Much has been made of Sally Shapiro’s mysterious identity. The Swedish diva, thus far, has kept a tight lid on her personal identity, indulging in very few interviews and keeping her real name a secret (in case that you didn’t catch that Sally Shapiro was a pseudonym, being very not Swedish and all). Shapiro’s been referred to as a “persona” or, rather, a “concept,” which is a pretty accurate call, though there’s no mythology or anecdote-ridden backstory to tell of her origin. She doesn’t even perform live, which practically ensures that nobody learns much about her secret identity. Listening to her debut album Disco Romance, produced (and pretty much all written) by Johan Agebjörn, biographical details seem very inconsequential. The music itself provides a glorious disco diva allure that no personality could possibly live up to.
Disco Romance is a glossy and glamorous album of ’80s disco sounds, with drum machines pulsating like heartbeats and analog synthesizers billowing and glimmering like reflections off of a mirror ball. While you’re likely to hear comparisons to Annie, and that’s true to some extent, Shapiro recalls a much more old school style of Eurodisco with a similar sound to that of Valerie Dore (the songs hold up pretty well in spite of those horribly dated videos, now viewable on YouTube). It’s nostalgic, certainly, and even somewhat innocent and pure, an odd thing to be saying about a genre most closely associated with cocaine.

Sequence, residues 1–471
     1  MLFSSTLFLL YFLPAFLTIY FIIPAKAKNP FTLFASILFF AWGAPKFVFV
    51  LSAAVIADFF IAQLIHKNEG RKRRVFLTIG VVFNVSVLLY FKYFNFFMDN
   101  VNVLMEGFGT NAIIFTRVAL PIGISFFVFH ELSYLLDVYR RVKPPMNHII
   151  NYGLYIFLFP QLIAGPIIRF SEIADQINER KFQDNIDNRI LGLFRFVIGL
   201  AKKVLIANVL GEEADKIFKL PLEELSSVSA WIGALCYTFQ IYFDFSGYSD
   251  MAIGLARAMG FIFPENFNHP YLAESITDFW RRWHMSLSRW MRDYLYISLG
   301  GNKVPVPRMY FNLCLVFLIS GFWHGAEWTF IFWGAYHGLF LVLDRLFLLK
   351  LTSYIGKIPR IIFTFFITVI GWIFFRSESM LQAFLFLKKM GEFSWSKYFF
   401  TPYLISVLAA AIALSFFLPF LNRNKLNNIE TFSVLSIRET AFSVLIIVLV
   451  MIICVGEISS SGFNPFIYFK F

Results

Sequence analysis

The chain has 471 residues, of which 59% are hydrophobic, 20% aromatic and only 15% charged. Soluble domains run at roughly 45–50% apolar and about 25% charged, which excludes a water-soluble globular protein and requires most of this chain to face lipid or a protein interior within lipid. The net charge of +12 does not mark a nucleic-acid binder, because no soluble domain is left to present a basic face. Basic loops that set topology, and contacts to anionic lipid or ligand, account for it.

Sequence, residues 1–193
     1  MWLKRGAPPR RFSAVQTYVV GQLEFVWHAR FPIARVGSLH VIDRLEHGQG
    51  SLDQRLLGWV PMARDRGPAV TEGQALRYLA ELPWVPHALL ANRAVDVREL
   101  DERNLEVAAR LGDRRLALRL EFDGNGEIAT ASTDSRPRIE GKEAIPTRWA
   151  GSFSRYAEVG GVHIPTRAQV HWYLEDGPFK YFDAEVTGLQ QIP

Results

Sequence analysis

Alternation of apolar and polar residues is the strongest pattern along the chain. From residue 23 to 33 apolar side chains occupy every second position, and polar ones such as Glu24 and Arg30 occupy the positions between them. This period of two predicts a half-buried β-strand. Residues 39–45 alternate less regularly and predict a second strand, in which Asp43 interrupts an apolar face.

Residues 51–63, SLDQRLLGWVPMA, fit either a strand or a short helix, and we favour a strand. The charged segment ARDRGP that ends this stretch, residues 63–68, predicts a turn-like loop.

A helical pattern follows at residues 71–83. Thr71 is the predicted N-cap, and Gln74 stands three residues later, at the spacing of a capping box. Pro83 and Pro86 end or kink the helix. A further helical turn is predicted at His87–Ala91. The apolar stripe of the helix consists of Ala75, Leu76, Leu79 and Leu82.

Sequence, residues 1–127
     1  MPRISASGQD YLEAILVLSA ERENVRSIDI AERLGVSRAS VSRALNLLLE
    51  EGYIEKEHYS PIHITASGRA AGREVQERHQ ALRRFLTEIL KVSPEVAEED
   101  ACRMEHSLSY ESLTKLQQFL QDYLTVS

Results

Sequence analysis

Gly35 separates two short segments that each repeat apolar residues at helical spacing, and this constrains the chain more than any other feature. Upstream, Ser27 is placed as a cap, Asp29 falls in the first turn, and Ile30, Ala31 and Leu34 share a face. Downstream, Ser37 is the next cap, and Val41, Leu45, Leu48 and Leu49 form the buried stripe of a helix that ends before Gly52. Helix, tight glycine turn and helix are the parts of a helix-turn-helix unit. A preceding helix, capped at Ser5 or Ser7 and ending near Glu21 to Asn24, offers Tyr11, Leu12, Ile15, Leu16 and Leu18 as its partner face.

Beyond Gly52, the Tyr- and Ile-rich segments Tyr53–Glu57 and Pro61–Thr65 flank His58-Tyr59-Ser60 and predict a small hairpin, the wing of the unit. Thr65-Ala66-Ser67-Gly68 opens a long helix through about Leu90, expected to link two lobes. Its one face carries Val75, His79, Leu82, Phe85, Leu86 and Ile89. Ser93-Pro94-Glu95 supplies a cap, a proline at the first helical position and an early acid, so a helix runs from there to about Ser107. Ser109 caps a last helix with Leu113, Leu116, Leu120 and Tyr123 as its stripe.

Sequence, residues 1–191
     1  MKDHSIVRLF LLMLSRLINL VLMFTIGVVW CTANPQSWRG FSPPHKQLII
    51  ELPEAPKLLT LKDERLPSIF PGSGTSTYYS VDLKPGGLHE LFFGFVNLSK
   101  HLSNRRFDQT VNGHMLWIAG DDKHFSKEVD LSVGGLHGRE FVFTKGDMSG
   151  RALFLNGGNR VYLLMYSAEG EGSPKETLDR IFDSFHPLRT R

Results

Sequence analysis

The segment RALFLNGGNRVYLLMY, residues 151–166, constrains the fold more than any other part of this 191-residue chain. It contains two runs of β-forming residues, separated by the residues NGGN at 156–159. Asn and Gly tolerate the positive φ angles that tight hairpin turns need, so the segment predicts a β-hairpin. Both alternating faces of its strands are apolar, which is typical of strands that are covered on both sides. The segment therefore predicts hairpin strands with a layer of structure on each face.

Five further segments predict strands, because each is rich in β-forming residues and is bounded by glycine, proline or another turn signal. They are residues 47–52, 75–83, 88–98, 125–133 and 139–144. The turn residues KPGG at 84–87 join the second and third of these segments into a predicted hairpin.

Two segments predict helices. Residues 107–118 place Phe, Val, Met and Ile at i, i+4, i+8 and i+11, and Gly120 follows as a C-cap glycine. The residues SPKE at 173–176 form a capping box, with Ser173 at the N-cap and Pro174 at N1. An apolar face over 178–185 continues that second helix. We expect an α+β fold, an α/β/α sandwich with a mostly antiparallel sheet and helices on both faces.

The main objective of Disco Romance is to incite all parties to dance, and it should have no problem achieving this feat. However, you may have noticed the second word in the title, and this is most definitely a romantic album. Each song is a love song in some way or another, and Shapiro’s voice is soft and sweet as she daydreams upon each lovestruck or heartbroken moment. If the title of “He Keeps Me Alive” isn’t a romantic enough statement on its own, the buoyant melody behind her airy delivery could cause one’s heart to thump heavily. Standout track “I Know” is pure ecstasy, as Shapiro sings, “I know you’re my love/ even though/ sometimes I believe/ I will wake up from this dream” over a pulsating beat augmented by both blaring synths and a warm rhodes piano. “Jackie Jackie” is far more melancholy, with Shapiro intoning a sing-speak against an atmospheric melody, but this descent into ballad territory is juxtaposed by the giddy “Anorak Christmas,” a track that, no matter how many times I hear it, seems impossible to have been released in 2007.
I know very little more about the girl behind Sally Shapiro than I did before listening to the album, but the person behind the voice hardly seems important when the music itself is such a bright and powerful presence on its own. Agebjörn and Shapiro make beautiful, danceable music that is truly not of this era, and Disco Romance is all the better for it.
Jeff Terich is the founder and editor of Treble. He's been writing about music for 20 years and has been published at American Songwriter, Bandcamp Daily, Reverb, Spin, Stereogum, uDiscoverMusic, VinylMePlease and some others that he's forgetting right now. He's still not tired of it.